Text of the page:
Lake of Fire

In the wake of the horror at Virginia Tech, folks around the world, and here at home, are expressing a predictable variety of responses. The Left is calling for stricter gun control, the Right for stricter immigration, the Europeans are criticizing our violent culture, and all sorts of people are focusing on the Asian-ness, or more specifically the Korean-ness, of the shooter. (For the Korean viewpoint, I recommend that readers pay Kevin Kim a visit.) President Bush, with breathtaking clumsiness and insensitivity, prefaced his first remarks to the nation with an oafish assertion about his position on gun ownership. News anchors are cautioning us against racist outbursts; there will undoubtedly be some. (The Wall Street Journal today carried a level-headed editorial that readers may find of interest.)

When this sort of thing happens, the natural reaction here in the U.S., where we are able to live our lives at a level of safety and comfort that is unparalleled in the history of the world, is to ask how we can prevent it from happening again. This isn’t some horrid Third World backwater, after all, where life is cheap; this is America, and if something is broken, we want the government to fix it. But underlying this attitude is the assumption that everything can be fixed; that we have an inalienable right to live tranquil and sheltered lives, and that what we get for living here and not, say, Darfur, or East Timor, or Baghdad, is that our children will be safe. And the amazing fact is that generally, they are.

But we should take a step back from our indignation to realize that we live brief and precarious lives on a tiny speck of dust in a vast and indifferent Cosmos, and that despite our very best efforts the chaos, the blackness, the uncaring and infinite Wild that we so effectively manage to keep just beyond the gates is going to creep in now and then, and pick some of us off. We live in a firelit glade in the forest, and sometimes we forget how recently the ground was cleared, and how small a place we occupy in the wilderness all around us.

The madness that took those infinitely precious young lives was not a localized instance, nor is it “fixable” by legislature. It was an eruption of a molten pool that lies beneath us all, and while our species passes through its awkward and painful adolescence — as the world is compressed ever more tightly, and as more and more of us are brought, willy-nilly, into random and kinetic interaction with one another — that heat and pressure will find its way to the surface again and again, until we transform not our governments, not our laws, but ourselves.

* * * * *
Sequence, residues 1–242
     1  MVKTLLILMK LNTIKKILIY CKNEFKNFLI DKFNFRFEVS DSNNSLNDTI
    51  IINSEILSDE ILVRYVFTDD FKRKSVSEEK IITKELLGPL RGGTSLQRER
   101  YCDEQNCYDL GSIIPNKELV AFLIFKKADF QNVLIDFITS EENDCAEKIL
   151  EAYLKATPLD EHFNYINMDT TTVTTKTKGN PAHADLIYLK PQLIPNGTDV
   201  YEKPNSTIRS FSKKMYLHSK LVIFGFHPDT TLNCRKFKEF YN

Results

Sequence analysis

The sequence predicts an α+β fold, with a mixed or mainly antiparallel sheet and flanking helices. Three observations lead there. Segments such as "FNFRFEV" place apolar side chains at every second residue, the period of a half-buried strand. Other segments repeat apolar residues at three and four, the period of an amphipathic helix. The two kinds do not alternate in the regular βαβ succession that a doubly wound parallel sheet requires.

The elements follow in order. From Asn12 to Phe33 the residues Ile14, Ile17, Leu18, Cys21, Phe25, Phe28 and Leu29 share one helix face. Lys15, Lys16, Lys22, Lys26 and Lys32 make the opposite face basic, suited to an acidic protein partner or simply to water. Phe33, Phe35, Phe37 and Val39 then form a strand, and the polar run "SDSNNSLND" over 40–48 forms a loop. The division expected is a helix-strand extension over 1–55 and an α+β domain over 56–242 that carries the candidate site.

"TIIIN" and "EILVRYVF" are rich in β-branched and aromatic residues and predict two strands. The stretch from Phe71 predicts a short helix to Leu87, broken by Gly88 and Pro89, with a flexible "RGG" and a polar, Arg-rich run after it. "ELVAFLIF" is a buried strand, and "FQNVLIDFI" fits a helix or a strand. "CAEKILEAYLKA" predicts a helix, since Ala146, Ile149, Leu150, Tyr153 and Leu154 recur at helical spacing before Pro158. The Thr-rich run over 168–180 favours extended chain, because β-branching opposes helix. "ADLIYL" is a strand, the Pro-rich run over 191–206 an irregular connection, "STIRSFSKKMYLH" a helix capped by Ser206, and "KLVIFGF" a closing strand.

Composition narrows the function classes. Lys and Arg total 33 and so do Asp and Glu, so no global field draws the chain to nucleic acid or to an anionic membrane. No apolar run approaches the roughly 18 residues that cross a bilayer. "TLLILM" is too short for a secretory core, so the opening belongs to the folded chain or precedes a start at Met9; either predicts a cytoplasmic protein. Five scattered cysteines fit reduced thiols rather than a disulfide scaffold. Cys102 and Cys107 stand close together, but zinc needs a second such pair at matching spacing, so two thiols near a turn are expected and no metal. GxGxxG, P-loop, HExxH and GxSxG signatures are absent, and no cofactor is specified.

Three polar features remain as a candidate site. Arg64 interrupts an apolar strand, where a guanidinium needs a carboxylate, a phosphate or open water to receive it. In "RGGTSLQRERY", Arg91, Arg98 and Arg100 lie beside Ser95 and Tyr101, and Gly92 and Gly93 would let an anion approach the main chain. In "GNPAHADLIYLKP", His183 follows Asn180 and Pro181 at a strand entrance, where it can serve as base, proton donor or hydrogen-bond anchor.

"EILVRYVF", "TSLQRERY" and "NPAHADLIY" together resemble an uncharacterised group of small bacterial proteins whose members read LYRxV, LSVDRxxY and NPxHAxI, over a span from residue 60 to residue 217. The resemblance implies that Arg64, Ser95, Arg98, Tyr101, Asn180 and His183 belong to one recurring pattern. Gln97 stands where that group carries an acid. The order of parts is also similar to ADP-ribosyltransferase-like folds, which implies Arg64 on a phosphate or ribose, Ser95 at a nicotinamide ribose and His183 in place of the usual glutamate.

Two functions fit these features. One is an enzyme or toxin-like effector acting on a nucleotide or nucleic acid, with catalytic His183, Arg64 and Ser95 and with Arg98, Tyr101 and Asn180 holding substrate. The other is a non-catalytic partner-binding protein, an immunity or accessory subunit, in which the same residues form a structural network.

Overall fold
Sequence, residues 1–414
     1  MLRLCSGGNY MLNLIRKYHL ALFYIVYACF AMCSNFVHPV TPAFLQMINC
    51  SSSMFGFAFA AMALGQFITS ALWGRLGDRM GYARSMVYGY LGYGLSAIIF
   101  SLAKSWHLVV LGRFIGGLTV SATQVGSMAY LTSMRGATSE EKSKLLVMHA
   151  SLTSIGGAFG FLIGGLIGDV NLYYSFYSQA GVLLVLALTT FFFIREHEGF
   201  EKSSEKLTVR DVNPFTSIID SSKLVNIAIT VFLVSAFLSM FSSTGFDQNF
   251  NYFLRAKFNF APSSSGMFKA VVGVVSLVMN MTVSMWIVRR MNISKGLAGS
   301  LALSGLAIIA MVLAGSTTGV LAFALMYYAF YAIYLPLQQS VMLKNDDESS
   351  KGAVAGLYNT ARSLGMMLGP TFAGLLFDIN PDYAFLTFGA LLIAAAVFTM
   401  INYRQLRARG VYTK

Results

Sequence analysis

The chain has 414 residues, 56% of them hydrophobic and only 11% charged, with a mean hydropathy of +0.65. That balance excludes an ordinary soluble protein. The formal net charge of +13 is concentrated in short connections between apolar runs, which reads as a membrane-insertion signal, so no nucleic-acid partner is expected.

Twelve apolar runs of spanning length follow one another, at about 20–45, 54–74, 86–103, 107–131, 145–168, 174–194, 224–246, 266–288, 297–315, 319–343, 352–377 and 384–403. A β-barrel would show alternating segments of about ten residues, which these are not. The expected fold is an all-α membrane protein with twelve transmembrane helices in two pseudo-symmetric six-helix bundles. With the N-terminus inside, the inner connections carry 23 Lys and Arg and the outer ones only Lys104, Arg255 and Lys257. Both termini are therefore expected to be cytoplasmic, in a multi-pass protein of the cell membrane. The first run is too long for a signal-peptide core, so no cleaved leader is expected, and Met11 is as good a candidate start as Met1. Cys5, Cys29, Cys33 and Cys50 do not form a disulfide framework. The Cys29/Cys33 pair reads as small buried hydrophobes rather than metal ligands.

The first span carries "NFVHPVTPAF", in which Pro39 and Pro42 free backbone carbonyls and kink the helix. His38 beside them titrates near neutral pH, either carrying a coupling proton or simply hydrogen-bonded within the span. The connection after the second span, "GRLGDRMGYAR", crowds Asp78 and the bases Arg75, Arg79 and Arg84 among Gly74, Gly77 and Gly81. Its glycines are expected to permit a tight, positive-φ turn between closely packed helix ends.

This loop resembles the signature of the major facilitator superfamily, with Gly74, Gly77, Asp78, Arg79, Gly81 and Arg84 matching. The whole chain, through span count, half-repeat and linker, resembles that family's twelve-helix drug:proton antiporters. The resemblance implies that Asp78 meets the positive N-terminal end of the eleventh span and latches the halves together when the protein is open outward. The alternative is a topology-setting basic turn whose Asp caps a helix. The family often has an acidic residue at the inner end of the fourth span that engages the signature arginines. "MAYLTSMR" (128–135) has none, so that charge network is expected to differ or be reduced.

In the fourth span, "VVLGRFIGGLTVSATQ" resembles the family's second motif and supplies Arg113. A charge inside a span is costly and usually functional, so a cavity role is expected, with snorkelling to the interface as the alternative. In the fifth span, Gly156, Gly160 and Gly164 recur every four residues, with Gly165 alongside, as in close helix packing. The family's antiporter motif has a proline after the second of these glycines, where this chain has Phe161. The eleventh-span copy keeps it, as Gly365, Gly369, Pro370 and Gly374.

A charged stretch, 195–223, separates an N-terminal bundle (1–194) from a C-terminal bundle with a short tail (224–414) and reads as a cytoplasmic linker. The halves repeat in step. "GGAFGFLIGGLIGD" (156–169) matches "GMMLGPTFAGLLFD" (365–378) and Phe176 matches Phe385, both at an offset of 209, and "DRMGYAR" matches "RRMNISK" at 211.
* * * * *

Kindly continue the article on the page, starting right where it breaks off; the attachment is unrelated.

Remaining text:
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2 Comments

  1. the one eyed man says

    In his Theory of Moral Sentiments, Adam Smith asks the following questions.

    Let’s suppose that you found out that a million people died this morning in China due to an earthquake (or, to use a more recent example, thousands died from a tsunami). Most people would think about this for a few minutes, reflect on the fickle nature of mortality and human life, and then think about something else a half hour later.

    Now let’s suppose that I were to tell you that tomorrow morning, one of your toes will be cut off. The average person would spend all night awake, worrying intensely about what would happen the next morning. There is nothing you would think about besides losing the toe.

    Smith asks: why the disparity between a million deaths and losing a toe? The answer is obvious: there is an immediacy to losing a toe — and after all, it’s your toe — which will preoccupy the mind much more than a million faceless people in China.

    Then he asks a more interesting question: if you were to ask someone which he would choose — losing a toe or having a million dead people in China — our putative toe-loser would choose to live with nine toes. Why is this? According to Smith, it is the feeling of personal responsibility, which is an innately human characteristic, which prevents people from allowing that level of suffering as a result of their actions.

    How is this relevant to Virginia Tech? I think that most people feel that as a society, there must have been something we could have done to prevent this, and hence in some sense we are culpable for what happens. People feel that if we had gun control, or if we gave handguns out at freshman orientation, or if we just did something, the thirty dead people would be around today. I agree with the Journal to the extent that there probably isn’t anything which could have been done, much as there isn’t much we could have done to prevent Timothy McVeigh from setting off his bombs or to prevent Jeffrey Dahmer from sauteeing his victims. However, to accept this means to accept our powerlessness to control the random acts of crazed individuals — it’s much easier to blame ourselves (or lawmakers, or whatever) than to view life and longevity as random events.

    Posted April 18, 2007 at 8:09 pm | Permalink
  2. Malcolm says

    Thanks Peter, for such a thoughtful comment on what was admittedly a rather bleak post.

    Actually, I’m optimistic about the human race, in the long run. But we are just emerging from our long childhood, and there are tough years ahead. If it turns out anything like my own adolescence, we’re doomed.

    Posted April 18, 2007 at 10:22 pm | Permalink